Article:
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Wasteland of Flint Mass Market Paperback – 1 Apr 2004

4.5 out of 5 stars 4 customer reviews

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Product details

  • Mass Market Paperback: 512 pages
  • Publisher: Tor Books; New title edition (1 April 2004)
  • Language: English
  • ISBN-10: 0765341131
  • ISBN-13: 978-0765341136
  • Product Dimensions: 10.6 x 3.2 x 17.1 cm
  • Average Customer Review: 4.5 out of 5 stars  See all reviews (4 customer reviews)
  • Amazon Bestsellers Rank: 2,493,619 in Books (See Top 100 in Books)

Customer Reviews

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Top Customer Reviews

Format: Mass Market Paperback
This is an intriguing archaeological mystery, set in an alternate future where the Aztecs (supported by the Japanese) rule on Earth and several different kinds of aliens wait in the wings.

Ephesus III is an apparently empty world, but investigation soon shows that it was *Terra*formed by a former civilisation, some 3 million years in the past. Suddenly the "Palenque", the support ship for the investigators, goes dead and an Imperial Naval vessel is sent to find out what has happened.

Although the science isn't yet real, you feel that it could be possible and that makes this one good read!
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Format: Mass Market Paperback Verified Purchase
Mystery and adventure in an intriguing alternate future, on an alien world.

Where Thomas Harlan's first fantasy series comprised the Alternate History 'Oath of Empire', his new 'Sixth Sun' saga, of which Wasteland of Flint is the first, is set in an alternate future.

What could have been a standard space opera is given a number of distinct and original dimensions, the most obvious being the domination of Human Space by the Méxica Empire, the descendants of the Aztecs. Humanity is now subject to the Méxica and their allies, foremost being the Japanese Nisei, who in colonising North America many centuries ago, brought horses, rice and metalworking to the New World. After a century of war in the Core of Human Space the defeated populations of the European Great Powers - Swedish-Russia and the Danish Empire have mostly scattered to the Rim World colonies.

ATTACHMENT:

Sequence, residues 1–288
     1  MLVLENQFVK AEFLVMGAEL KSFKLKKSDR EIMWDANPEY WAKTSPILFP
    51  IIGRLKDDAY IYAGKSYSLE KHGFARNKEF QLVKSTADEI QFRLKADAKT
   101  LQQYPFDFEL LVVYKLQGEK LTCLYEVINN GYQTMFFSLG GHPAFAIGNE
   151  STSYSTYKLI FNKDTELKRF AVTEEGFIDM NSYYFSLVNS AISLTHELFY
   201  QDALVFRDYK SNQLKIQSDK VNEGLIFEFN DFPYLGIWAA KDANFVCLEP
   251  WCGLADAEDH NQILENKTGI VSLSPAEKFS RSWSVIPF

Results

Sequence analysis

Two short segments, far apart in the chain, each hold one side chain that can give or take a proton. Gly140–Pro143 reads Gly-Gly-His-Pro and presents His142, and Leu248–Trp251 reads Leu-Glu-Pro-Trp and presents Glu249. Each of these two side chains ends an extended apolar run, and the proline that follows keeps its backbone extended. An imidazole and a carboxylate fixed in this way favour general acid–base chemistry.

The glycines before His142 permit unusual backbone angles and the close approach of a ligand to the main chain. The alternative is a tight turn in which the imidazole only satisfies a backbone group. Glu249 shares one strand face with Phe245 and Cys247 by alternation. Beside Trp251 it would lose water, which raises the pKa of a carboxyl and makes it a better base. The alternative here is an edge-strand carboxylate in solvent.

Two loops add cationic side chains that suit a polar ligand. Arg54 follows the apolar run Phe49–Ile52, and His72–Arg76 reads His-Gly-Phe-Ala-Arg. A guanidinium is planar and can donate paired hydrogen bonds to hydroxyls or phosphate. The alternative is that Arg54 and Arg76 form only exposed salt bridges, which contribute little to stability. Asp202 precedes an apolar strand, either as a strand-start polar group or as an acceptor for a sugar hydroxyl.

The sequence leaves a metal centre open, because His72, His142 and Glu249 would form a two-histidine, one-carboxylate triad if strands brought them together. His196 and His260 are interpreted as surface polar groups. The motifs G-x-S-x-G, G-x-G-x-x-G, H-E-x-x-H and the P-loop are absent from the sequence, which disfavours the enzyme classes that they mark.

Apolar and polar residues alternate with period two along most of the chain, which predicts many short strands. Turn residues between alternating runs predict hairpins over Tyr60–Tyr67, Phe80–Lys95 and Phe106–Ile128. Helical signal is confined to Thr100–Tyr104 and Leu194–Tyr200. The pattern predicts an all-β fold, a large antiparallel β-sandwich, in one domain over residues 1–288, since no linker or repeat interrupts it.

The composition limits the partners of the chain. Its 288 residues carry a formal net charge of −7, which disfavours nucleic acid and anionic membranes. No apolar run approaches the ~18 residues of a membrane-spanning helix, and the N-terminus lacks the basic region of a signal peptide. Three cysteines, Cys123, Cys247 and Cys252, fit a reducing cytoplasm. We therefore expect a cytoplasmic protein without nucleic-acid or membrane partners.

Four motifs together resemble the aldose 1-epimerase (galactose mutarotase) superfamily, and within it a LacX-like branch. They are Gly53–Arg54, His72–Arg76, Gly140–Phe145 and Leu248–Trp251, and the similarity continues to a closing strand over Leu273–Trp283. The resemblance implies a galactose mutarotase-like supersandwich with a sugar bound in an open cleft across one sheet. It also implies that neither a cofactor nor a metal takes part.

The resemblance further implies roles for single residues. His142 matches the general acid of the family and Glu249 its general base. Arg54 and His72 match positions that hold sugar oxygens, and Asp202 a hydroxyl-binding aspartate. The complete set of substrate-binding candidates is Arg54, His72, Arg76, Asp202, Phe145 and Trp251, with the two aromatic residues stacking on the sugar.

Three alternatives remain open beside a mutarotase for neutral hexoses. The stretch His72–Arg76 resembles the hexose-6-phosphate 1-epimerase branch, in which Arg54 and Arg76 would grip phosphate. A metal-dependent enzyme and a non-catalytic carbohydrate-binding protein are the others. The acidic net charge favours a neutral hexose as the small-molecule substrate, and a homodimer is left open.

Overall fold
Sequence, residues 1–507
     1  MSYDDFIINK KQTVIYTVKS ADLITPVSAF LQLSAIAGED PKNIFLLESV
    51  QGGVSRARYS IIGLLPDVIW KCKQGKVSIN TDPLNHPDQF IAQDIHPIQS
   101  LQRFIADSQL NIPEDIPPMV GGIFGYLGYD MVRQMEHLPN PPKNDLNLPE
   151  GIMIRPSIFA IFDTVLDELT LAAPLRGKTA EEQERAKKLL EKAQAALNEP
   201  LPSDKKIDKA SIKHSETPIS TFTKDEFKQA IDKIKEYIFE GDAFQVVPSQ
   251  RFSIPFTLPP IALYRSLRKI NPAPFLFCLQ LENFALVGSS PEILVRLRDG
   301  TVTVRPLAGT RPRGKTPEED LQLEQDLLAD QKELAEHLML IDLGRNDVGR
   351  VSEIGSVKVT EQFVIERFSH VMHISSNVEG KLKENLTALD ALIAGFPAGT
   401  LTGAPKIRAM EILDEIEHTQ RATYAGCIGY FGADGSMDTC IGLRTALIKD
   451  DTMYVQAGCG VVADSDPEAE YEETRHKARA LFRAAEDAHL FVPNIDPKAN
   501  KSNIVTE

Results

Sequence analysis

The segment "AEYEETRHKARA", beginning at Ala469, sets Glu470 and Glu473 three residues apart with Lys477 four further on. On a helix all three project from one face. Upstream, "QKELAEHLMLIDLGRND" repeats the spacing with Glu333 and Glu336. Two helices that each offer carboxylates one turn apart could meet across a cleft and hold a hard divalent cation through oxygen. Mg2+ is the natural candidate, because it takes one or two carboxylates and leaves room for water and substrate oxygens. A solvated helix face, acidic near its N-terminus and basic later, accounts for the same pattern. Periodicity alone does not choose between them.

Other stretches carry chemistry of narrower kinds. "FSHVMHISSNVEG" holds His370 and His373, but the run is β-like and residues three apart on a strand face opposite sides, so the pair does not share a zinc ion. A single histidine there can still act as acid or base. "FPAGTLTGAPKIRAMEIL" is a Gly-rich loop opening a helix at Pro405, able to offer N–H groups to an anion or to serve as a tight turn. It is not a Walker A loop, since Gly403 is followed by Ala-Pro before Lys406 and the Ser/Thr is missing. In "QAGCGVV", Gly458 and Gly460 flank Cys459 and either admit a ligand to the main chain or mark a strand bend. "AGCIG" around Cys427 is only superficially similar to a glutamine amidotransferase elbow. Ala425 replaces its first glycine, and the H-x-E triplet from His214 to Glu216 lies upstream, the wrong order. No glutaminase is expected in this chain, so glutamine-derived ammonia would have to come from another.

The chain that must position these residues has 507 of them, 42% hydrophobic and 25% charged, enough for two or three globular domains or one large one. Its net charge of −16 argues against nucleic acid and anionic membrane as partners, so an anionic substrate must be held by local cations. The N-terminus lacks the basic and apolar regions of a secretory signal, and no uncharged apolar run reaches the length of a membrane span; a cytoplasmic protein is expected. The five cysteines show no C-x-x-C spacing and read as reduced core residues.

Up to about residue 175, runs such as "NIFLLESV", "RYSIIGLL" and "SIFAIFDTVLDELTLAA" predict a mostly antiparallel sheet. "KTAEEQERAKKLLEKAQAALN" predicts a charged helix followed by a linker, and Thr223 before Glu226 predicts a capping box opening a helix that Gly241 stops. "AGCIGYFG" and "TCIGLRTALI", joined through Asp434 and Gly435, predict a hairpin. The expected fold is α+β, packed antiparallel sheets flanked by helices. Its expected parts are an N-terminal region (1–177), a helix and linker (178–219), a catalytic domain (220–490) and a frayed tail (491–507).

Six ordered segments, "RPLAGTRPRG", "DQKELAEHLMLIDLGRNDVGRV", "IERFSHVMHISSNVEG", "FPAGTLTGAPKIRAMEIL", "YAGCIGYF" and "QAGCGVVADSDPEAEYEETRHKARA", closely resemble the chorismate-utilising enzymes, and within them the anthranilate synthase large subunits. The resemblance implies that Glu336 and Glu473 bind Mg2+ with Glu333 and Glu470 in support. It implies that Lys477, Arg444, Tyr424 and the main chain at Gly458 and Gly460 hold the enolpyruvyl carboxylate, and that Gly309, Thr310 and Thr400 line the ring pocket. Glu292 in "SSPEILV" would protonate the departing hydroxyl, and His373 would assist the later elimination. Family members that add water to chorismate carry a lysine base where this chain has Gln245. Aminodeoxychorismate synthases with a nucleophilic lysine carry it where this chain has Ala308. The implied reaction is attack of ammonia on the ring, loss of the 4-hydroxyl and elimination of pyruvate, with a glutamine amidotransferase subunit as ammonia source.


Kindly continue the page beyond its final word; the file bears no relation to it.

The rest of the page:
All of Old Earth, Anáhuac as the Méxica name it, is now ruled from the imperial centre of Tenochtitlán. One interpretation of the name Méxica has it denoting the centre of the world, and in this reality the ambition of the Aztecs has found full expression. Human Space, however, is a small sphere compared with the gigantic scale of the galaxy, and the interstellar domain of Imperial Méxica is a minor power in a universe littered with remnants of inimical and ancient alien civilisations.

The basic premise of the story is familiar. The presentation and expression of it in Wasteland of Flint is sufficiently different to make the novel fresh and, as the questions mount up, a page turner.
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Format: Mass Market Paperback
I'm not mentioning the plot, as learning it is one of the joys of this book. Although described as an 'alternate history' that part of the background is blended so well you won't even realise that you're learning both Mexica and Japanese as you progress through the story. I can't recommend this (and House of Reeds - it's indirect sequel) enough. It contains no padding, no unnecessary character tivia and is superbly written throughout.
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Format: Mass Market Paperback Verified Purchase
This is a fine book. It has no pretensions to affecting literary grandeur, for entertainment is its raison d'être, but if you wish to entertain you must have believable, sympathetic characters, imagination, and a worthy antagonist. Here we have 'em all in spades, with great economy of writing - there is almost no wasted verbiage - and I recommend this book. The only thing preventing it from getting the full five stars is that the last third is a little spoiled by some silly mysticism. It fits well into the story and does move things along, but I would have prefered a more rational methodology from the characters.
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Most Helpful Customer Reviews on Amazon.com (beta)

Amazon.com: 3.9 out of 5 stars 25 reviews
15 of 15 people found the following review helpful
5.0 out of 5 stars Wasteland of Flint: First Rate Science Fiction 6 May 2003
By John Thomson - Published on Amazon.com
Format: Hardcover Verified Purchase
In Wasteland of Flint, Thomas Harlan creates not only a mysterious new world, but also plunks it down in the middle of a surprising and tantalizing new social order. Wasteland uses a slate of interesting and powerful characters to peel away layers of intrigue that surround the planet of Ephesus 3, which exists within the auspices of the futuristic society controlled by the Mexica, the eventual (future) result of an intact and hegemonistic Aztec Empire on Earth. The tale unfolds in only about 430 pages; it comes up to full speed quickly and holds the reader's attention fast throughout. The plot is well developed and the story grows more compelling with each chapter.